Tommy (to crowd): Thank you. That was for my canary ancestors who worked down the mines detecting the lethal gas carbon monoxide.

  • In one episode of Happy Heroes, Big and Little M. use a Trojan horse in Doctor H.'s Internet router. The Trojan horse is literally a giant rocking horse.
  • In Pleasant Goat and Big Big Wolf: Joys of Seasons episode 7, Paddi has his pet egg Eggy sneak into Mr. Slowy's laboratory to find him something to eat, and Eggy retrieves an egg that Paddi, after eating it, finds out is actually an egg-shaped bomb. The Chinese words for "egg" (蛋, or "dan") and "bomb" (炸弹, or "zhadan") have Chinese characters that are pronounced the same but are different (蛋 and 弹 both being pronounced "dan", in this case).
  • The Simple Samosa episode "Sabse Sweetest Kaun?" depicts Mayor Royal Falooda as a medieval king — in other words, a literal "royal" falooda.

    Anime & Manga 
  • Several works, including Sailor Moon and Here is Greenwood, have used the joke of showing or referencing a type of carp known as koi when matters of love are being discussed because another koi (in a different kana) refers to love.
  • If something startling happens, and the screen is suddenly filled with fish. Understand that the onomatopoeia for surprise is "gyoh", which is also one of the words for "fish".
    • There is actually a Yu-Gi-Oh! card named "Gyoh!" in Japan; its effect involves Fish-Type monsters and its art depicts a shark bearing down on a surprised monster. The US name is "Oh F!sh!"
  • Quite frequent in the Asteroid in Love manga (but not in the anime), usually due to Mira misunderstanding a new scientific term.
    • In the fifth chapter, Ao mentions the asteroid Vesta. Mira somewhat immediately switched to a "Western-style" school uniform with a vest (Hoshizaki uses Sailor Fuku), and asks whether Ao means a vest.
    • In the eighteenth chapter, Mikage raises the term "boring" (as in drilling). Mira immediately pretends to be bowling. Japanese approximates "bowling" in a way that's identical to "boring".
  • When Charmy from Black Clover first unlocks her Food Magic, the giant sheep she summoned sheds the wool to reveal a giant, monstrous wolf. It's a Wolf in Sheep's Clothing.
  • Bleach: Sui-Feng's Bankai consists of an oversized missile launcher strapped to her arm. One might wonder how a ballistic missile is the next step from a finger blade that can kill in two hits (beyond "a missile kills in one hit"), until one remembers that Sui-Feng's Zanpakuto is named Suzumebachi, which is Japanese for "hornet", and realizes that her Bankai is a "stinger missile".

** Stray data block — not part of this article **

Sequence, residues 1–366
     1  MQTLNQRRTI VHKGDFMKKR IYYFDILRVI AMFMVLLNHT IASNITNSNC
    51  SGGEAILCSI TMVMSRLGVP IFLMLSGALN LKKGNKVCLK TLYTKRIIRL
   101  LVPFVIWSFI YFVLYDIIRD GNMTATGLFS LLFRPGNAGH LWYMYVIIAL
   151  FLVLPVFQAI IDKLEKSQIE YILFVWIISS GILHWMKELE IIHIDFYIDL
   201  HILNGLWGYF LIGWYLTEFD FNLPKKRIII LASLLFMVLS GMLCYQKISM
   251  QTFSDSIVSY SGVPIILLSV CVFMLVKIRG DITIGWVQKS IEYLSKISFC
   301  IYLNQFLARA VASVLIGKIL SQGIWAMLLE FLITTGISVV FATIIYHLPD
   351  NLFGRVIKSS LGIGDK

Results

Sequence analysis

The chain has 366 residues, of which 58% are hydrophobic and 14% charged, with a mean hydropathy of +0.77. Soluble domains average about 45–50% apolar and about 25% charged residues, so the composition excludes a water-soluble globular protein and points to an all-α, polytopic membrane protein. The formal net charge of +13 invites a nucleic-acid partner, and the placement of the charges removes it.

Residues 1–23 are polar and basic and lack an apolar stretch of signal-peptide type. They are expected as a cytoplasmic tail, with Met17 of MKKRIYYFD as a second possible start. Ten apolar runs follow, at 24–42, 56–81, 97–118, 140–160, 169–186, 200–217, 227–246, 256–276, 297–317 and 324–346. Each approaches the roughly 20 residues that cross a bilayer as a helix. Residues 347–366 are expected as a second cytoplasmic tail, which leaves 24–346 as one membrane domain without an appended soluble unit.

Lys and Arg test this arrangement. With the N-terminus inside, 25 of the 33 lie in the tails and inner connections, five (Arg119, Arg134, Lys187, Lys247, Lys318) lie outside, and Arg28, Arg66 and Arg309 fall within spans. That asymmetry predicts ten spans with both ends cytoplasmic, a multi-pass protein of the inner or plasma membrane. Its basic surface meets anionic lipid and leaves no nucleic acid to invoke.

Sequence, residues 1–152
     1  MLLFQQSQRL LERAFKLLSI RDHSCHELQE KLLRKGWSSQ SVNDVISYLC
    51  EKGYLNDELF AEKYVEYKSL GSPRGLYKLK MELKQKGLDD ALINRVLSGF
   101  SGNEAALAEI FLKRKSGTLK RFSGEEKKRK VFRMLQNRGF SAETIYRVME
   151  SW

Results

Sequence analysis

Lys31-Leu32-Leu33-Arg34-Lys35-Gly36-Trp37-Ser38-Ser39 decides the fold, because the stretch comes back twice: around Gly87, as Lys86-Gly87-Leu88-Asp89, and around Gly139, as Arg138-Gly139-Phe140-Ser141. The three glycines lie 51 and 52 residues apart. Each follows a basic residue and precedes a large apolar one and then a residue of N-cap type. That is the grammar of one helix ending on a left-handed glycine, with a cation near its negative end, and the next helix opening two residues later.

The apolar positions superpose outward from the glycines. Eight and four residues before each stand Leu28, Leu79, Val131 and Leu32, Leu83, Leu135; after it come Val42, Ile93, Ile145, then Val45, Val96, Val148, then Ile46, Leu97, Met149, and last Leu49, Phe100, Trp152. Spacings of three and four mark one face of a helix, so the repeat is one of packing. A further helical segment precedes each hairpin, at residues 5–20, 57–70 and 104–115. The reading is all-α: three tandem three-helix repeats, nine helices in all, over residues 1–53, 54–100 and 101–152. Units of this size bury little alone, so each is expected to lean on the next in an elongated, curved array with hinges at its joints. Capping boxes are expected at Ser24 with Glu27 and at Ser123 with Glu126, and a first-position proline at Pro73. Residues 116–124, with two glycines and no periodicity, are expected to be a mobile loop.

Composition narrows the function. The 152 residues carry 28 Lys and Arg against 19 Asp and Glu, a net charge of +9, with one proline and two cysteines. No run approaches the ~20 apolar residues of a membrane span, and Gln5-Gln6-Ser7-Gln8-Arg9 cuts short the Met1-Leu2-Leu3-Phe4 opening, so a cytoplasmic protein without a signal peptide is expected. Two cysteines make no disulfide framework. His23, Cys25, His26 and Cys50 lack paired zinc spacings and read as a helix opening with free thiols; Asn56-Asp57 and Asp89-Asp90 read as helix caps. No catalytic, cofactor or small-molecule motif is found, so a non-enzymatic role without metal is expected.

• This composed a significant portion of the anime Bobobo-bo Bo-bobo, resulting in it being nigh-incomprehensible when translated.
  • Cells at Work!, which features an abstract depiction of life for cells in the human body, features a number of puns.
    • Virii are depicted as various inanimate objects that attach to Ordinary Cells and turn them into Plague Zombies; the virus that causes dengue fever is depicted as tengu masks.
    • Purine compounds are depicted as stacks of pudding cups, a play on the Japanese word for pudding, purin.
    • The Boot Camp Episode shows the Macrophages and Dendritic Cells helping train thymocytes (developing T cells) by holding up cardboard cut-outs, representing their role as antigen-presenting cells.
  • Cells at Work! CODE BLACK, Cells at Work!'s Darker and Edgier spinoff, has the Leukyocytes grab assault rifles and rocket launchers when their usual attacks fail to destroy a purine crystal. They're literally breaking out the big guns.
  • In Code Geass, the Siegfried, the Knightmare that Jeremiah (alias Orange-kun) ends up a giant orange.
  • Dororo: When Hyakkimaru's fake hand falls off after he grows a real one, he decides to bury it to show the limb respect, to which Dororo says, "hey, it's a hand-grave!" The joke, explained in the English version with an asterisk, is that the author Osamu Tezuka's surname can be broken down into "Te," meaning hand, and "zuka," meaning grave.
  • Dotto! Koni-chan: Used a few times in the Latin Spanish dub. For example, in the first episode of the Fish Samurai, Emi tried to stop him and he told her that she didn't have to thank him, turns out she wanted to warn him that he was going to fall into a chasm. While falling he says "ya caigo", which literally means "I'm falling already", but it's also a Mexican slang for "I get it now" or "I see".
  • In Eureka Seven's soccer episode, Eureka wears number 7.
  • The girls from Magical Pokaan realize the girls from the Hot Springs Episode are not biologically so. Cut to a huge phallic rocket taking off.
  • Fullmetal Alchemist:
    • Near the end, Greed destroys Father from the inside.
    • The phrase "paying an arm and a leg" is taken very literally in this show.